It's encouraging that UK Border Control is joining in the Olympic spirit by making anyone arriving to watch the Games wait two and a quarter hours to have their passport checked, which is roughly the time it will take to run the marathon. Maybe the Government could make the queuing even more exciting by turning it into a race. Someone could run the marathon course while people are waiting to pass through passport control, with a commentary going, "The runner is crossing Tower Bridge, but what a spurt from our passenger as she dramatically moves forward nine inches, though she does look weary and is screaming for water".
There's an obvious solution to the worry of this long wait upsetting tourists who come for the Games, which is to hold some of the events in the arrivals lounge at Heathrow. Then they'd say, "It was a bit frustrating to spend the first day creeping past a thick blue rope towards immigration control, but at least we saw a fascinating volleyball quarter final between Peru and Croatia".
Then the tourist industry could place attractions by the queue, with brochures boasting, "Why not take a ride on the magnificent Heathrow Eye, a big wheel that takes you up to the roof of the airport where the views stretch as far as the baggage claim area, in a breathtaking 30-minute odyssey that lands just in time for you to shuffle up another two feet".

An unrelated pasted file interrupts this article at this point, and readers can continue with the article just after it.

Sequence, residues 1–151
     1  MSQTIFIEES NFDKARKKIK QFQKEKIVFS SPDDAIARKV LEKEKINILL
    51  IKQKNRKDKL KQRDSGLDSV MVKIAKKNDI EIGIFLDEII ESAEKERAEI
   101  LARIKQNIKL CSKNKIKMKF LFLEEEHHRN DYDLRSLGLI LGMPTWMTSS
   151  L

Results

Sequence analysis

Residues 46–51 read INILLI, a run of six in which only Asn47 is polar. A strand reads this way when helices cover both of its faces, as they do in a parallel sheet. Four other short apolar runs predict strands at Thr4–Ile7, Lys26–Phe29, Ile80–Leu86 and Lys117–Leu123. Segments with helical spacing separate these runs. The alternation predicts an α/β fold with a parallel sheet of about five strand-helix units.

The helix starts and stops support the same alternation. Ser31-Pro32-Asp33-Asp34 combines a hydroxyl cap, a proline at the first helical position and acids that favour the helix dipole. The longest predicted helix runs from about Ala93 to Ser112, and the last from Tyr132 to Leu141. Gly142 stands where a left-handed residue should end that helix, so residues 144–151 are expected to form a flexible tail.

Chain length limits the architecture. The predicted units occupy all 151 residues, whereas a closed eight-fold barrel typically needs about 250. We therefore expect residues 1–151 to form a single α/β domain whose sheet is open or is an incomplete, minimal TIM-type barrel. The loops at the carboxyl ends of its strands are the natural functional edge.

The queuing shouldn't be a surprise because the whole point of Heathrow is to make millions of people queue. You queue for hours to check in, at security, at a departure gate, and can only survive by putting yourself into a trance and not even caring what the next queue is for. Someone in a uniform could take down your trousers and prod your arse with a cactus, then you could be ushered past a sign that said "Remove your toenails" before a man dressed as The Riddler squirted custard in your ear - and you'd accept this must be something they've had to do since 9/11 and not complain.
Worse than the inefficiency is how Heathrow has succeeded in making travel, one of the most romantic aspects of life, into a soulless sterile trial of endurance. So if history's most charismatic travellers were to journey across the world now, their diaries would go "To lift spirits we sang, shared a biscuit between us, and showed each other photos of our loved ones. Then Simpkins appeared to crack, screaming and kneeling on the floor making barking noises. "Don't worry," Shackleton reassured him. "Next year we'll go to Norfolk."
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